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New inexpensive catalyst for conversion of CO2 to CO could help with storage of renewable energy

Researchers at the University of Delaware have developed an inexpensive bismuth−carbon monoxide evolving catalyst (Bi-CMEC) that can be used in conjunction with ionic liquids to convert CO2 to carbon monoxide (CO) using electricity. CO can then be reacted with H2O via the water−gas shift to generate H2, and this CO/H2 mixture (syngas) can be used to generate synthetic petroleum and liquid fuels using Fischer−Tropsch methods.

The combination, suggests the team in paper published in the Journal of the American Chemical Society, could integrate into energy storage and distribution networks to provide a means for renewable energy storage.

Storage of solar and other sources of renewable electricity may be enabled by the catalytic production of fuels such as H2 or reduced carbon-containing compounds via the electro-chemical reduction of H2O or CO2, respectively. The renewable production of reduced carbon compounds is especially attractive, as liquid fuels can directly address energy needs associated with transportation, which account for nearly 30% of the US energy demand. An attractive strategy for the synthesis of carbon-based fuels is the marriage of a robust electrocatalyst for CO2 reduction with a photoelectrochemical device or a conventional electrolyzer powered by a renewable source of electrical current.

...Bismuth is an attractive material for development of heterogeneous CO2 reduction catalysts, as this metal is nontoxic and has a very small environmental impact. Moreover, Bi is a byproduct of Pb, Cu, and Sn refining, and has few significant commercial applications, resulting in the price of Bi being low and stable. Despite these attractive qualities, there has been only one report of electrocatalytic CO2 reduction using Bi, and the ability of this metal to drive CO production has not been demonstrated. As such, development of Bi-based cathodes for conversion of CO2 to CO would represent an important development for the fields of CO2 electrocatalysis and renewable energy conversion.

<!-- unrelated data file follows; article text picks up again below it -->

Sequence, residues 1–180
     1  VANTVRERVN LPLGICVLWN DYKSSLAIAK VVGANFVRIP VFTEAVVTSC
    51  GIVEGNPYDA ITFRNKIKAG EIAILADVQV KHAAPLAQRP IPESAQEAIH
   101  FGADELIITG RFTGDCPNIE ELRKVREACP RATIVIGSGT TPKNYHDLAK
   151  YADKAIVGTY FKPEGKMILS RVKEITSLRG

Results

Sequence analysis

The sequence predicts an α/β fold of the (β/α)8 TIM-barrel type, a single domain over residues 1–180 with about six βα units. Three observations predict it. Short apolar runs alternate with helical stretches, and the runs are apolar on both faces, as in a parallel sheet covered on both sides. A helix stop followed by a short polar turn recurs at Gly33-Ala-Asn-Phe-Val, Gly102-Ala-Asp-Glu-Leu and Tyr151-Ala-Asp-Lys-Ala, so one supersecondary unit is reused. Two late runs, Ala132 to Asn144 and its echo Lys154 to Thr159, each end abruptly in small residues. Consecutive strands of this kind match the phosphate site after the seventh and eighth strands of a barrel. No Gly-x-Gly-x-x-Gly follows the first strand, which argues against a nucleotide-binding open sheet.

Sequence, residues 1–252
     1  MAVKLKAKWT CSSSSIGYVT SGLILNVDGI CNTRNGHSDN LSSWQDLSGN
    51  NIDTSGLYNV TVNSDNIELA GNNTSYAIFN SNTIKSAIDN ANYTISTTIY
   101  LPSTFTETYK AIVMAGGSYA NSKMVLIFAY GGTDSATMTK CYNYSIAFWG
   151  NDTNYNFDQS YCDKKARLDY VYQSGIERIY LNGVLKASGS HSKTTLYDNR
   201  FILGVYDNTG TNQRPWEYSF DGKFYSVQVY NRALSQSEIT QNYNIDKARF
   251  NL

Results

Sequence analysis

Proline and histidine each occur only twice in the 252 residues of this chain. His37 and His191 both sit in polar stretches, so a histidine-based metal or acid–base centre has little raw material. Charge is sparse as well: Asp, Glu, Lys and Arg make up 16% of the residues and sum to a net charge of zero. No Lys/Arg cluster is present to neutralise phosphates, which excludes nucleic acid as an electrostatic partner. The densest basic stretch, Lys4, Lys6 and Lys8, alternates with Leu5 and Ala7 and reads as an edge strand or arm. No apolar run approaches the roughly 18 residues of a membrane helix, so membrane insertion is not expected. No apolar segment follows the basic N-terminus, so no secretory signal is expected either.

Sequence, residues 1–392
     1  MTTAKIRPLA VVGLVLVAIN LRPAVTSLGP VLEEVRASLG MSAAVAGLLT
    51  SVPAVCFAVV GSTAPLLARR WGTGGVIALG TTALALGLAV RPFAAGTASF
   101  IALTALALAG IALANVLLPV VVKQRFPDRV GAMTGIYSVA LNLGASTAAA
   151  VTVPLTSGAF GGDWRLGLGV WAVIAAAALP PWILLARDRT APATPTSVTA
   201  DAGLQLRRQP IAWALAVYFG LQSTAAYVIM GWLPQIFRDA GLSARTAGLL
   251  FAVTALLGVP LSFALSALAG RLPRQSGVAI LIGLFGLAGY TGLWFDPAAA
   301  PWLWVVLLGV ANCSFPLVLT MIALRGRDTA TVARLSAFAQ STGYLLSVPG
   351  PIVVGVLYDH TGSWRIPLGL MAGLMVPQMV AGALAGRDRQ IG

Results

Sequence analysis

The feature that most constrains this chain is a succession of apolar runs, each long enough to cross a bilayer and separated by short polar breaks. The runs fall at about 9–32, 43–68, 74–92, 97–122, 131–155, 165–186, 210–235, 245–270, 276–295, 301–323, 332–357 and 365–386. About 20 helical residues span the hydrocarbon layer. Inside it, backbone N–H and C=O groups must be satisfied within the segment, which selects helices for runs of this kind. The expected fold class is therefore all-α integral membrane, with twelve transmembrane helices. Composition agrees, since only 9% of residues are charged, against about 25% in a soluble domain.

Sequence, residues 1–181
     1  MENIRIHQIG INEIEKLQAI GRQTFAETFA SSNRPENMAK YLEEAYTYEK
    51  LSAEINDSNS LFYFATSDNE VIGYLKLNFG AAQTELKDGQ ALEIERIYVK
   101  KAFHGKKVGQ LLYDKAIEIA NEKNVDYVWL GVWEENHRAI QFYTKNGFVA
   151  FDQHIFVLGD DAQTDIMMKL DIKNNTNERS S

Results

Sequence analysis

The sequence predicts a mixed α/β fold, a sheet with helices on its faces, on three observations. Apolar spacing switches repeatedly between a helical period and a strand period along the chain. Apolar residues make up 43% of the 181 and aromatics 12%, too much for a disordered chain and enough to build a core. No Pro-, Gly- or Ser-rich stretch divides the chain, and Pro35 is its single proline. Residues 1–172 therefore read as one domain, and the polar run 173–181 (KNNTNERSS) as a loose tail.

—DiMeglio and Joel Rosenthal

The researchers electro-deposited a material containing Bi0 and Bi3+onto an inert electrode substrate to produce the Bi-CMEC catalyst. Used in conjunction with ionic liquids, it effected the electrocatalytic conversion of CO2 to CO with appreciable current density at overpotentials below 0.2 V.

Under these conditions, Bi-CMEC is selective for production of CO, operating with a Faradaic efficiency (FE) of approximately 95%. When taken together, these correspond to a high-energy efficiency for CO production, on par with that which has historically only been observed using expensive silver and gold cathodes.

...this Bi0/Bi3+ assembly catalyzes the conversion of CO2 to CO with high selectivity and FE. At present, the importance of the Bi3+ ions to the efficacy of Bi-CMEC is unclear. It is possible that the interface between Bi0 and Bi3+ sites serves to stabilize CO2•− intermediates at the electrode surface in a fashion similar to that proposed for metal oxides on etched electrodes.

Alternatively, the exceptional activity of Bi-CMEC may be derived from in situ reduction of the Bi0/Bi3+ material to generate metastable surfaces with enhanced catalytic properties. The use of imidazolium ILs may be especially critical in this regard, as recent work has demonstrated that interplay between adsorbed imidazolium cations and CO2 at bulk platinum electrodes can significantly enhance electrocatalytic CO2 reduction. Future efforts to uncover the atomic-level structure of Bi-CMEC will be critical to understanding the mechanism by which this system activates CO2 and, more generally, may provide a rational route for the development of additional inexpensive electrode materials for CO evolution.